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Thursday, 12 September, 2002, 14:19 GMT 15:19 UK
Afghanistan: Agencies concerned for the future
A senior aid worker in Afghanistan has warned that the country could descend into lawlessness and violence unless the West delivers on its promises of aid to the region.



What we fear is a return to a spiral of violence

Paul Barker
In an interview for BBC HARDtalk, Paul Barker, director of CARE in Afghanistan, said: "What we fear is a return to a spiral of violence.

"We certainly saw that in 1992 when the government collapsed and the country disintegrated into factional fighting...it's a nightmare scenario that nobody wants to see reoccur."

Investment

On Thursday US President George Bush, set out his case for military action against Iraq in a speech at the UN.

Mr Bush said that military action would be inevitable if Iraq failed to comply with UN resolutions on weapons inspections.


We can't get diverted by the next international crisis that happens to come along.

Paul Barker
But Mr Barker is worried that any military campaign against Iraq, could see the long term commitment to the rebuilding Afghanistan being forgotten.

He said: "We can't get diverted by the next international crisis that happens to come along. This is something that requires commitment beyond the next international crisis.

"It's something we're anxious about as we see delays in pledges coming through and as we hear talk of a war possibly in Iraq which we fear divert tremendous resources from urgently needed work in Afghanistan."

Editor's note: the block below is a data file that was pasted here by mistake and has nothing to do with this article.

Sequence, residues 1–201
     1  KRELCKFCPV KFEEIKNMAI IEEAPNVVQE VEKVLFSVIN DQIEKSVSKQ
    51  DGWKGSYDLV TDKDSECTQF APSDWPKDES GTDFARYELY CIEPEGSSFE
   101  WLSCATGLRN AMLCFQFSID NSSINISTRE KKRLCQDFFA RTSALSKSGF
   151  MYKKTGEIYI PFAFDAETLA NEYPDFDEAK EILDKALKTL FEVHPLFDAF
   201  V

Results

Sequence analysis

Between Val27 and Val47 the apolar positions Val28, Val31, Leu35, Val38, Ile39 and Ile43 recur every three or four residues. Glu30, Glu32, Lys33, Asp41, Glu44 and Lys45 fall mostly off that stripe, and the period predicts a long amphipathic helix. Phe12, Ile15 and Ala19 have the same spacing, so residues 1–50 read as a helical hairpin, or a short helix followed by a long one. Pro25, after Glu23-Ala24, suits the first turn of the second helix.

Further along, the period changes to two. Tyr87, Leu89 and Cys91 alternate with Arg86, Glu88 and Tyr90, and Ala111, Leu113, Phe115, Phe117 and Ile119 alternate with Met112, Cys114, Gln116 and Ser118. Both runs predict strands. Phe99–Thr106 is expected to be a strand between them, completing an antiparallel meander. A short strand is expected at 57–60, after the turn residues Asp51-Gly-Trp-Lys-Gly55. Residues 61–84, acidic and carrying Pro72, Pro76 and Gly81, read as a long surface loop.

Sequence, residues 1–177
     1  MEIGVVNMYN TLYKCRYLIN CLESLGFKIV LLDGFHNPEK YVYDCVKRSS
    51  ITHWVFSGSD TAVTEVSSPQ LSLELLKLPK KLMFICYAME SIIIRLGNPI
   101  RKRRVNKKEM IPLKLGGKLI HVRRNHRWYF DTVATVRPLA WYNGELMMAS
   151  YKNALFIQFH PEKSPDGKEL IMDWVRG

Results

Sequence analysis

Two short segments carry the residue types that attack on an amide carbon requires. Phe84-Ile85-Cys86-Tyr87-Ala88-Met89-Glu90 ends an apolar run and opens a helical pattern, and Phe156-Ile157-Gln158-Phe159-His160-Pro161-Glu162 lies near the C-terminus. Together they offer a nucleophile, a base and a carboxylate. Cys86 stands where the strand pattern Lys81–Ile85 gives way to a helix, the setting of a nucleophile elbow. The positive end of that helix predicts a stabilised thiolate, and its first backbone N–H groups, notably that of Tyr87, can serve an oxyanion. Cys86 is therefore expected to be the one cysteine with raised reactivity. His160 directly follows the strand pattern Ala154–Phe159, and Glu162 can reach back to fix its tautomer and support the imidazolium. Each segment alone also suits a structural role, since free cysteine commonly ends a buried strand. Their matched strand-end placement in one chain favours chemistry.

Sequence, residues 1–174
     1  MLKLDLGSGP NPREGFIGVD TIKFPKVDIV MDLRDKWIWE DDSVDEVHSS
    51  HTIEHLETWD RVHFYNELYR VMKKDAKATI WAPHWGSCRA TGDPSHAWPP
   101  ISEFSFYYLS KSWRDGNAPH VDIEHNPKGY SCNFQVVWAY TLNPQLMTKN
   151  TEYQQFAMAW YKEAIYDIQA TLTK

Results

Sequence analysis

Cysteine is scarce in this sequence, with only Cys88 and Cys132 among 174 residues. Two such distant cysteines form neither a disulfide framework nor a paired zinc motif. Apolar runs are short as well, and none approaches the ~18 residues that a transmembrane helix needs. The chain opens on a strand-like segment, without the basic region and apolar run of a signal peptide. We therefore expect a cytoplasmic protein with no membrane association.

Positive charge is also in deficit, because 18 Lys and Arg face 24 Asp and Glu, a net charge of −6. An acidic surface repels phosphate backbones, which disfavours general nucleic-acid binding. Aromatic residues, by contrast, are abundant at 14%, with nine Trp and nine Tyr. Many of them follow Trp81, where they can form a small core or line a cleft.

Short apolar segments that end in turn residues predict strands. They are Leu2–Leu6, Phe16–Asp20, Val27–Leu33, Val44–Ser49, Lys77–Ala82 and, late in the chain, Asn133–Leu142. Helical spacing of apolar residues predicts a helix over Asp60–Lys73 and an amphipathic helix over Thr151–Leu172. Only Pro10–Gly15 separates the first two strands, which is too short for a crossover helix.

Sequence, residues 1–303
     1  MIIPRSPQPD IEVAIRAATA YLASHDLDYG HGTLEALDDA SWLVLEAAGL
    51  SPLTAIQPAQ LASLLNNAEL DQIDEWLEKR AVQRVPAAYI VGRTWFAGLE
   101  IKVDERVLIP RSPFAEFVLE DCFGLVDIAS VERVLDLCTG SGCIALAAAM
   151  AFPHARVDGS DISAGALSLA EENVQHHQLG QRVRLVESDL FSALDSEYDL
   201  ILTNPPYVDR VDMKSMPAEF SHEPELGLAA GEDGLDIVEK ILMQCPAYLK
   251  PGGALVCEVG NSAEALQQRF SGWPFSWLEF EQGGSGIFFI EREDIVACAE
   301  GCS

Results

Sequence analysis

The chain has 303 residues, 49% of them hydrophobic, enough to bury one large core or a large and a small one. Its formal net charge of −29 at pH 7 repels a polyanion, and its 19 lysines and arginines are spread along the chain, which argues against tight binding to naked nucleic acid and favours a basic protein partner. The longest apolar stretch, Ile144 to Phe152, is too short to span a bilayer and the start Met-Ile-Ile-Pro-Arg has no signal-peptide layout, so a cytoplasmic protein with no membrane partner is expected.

Pledges

After US-led forces ousted the Taleban, at the end of 2001, leaders from power foreign donors promised to pay an aid package worth $4.5bn over five years.

However Mr Barker said that the money is no longer enough to keep up with the increasing demands.

Refugees in northern Afghanistan
Afghans refugees face a difficult future
He said: "The return rate of refugees to Afghanistan and internally displaced people to their places of origin is about twice what it was anticipated last January when pledges were made.

"A lot suffering will happen if we can't keep up the humanitarian requirements of the country."

Last month US President George Bush vetoed an additional $174 million in aid for rebuilding and refugees.

Mr Barker said that the decision was a "terrible blow" which could have a devastating impact on a number of projects in the region.

"We have an urgently needed water project in Kabul that supplies clean drinking water to 400,000 people here. US government funding for that currently runs out at the end of September... it would be catastrophic if that project is forced to stop."

Optimistic

Mr Barker, who has worked in Afghanistan for over 25 years, said that despite the difficulties, he remained positive about the future of the country.


It's a partnership between aid agencies and the government

Paul Barker
He said: "We're in this together, it's a partnership between aid agencies and the government and we really do have to see this as a shared problem and we have to work together on shared solutions.

"Twenty-three years of destruction will take a long sustained effort to rebuild. Twenty-three years of bad habits and in fighting, it will take a long time to build a new culture."

The interview can be watched in full on Thursday 12 September on BBC World and BBC News 24 at the following times:

BBC News 24 (times shown in BST) 0430, repeated 2230

BBC World (times shown in GMT) 0330, repeated 0830, 1130, 1530, 1830, 2330



HARDtalk with Tim Sebastian is broadcast Mon - Friday on BBC World and BBC News 24
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